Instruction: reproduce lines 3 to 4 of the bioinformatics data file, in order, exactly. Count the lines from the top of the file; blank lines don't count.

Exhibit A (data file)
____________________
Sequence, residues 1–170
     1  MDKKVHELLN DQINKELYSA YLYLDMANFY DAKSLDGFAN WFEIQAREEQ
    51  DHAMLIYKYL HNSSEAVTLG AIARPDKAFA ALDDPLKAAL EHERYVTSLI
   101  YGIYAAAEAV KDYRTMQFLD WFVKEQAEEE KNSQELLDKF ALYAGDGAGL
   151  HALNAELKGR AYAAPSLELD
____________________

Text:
    51  DHAMLIYKYL HNSSEAVTLG AIARPDKAFA ALDDPLKAAL EHERYVTSLI
   101  YGIYAAAEAV KDYRTMQFLD WFVKEQAEEE KNSQELLDKF ALYAGDGAGL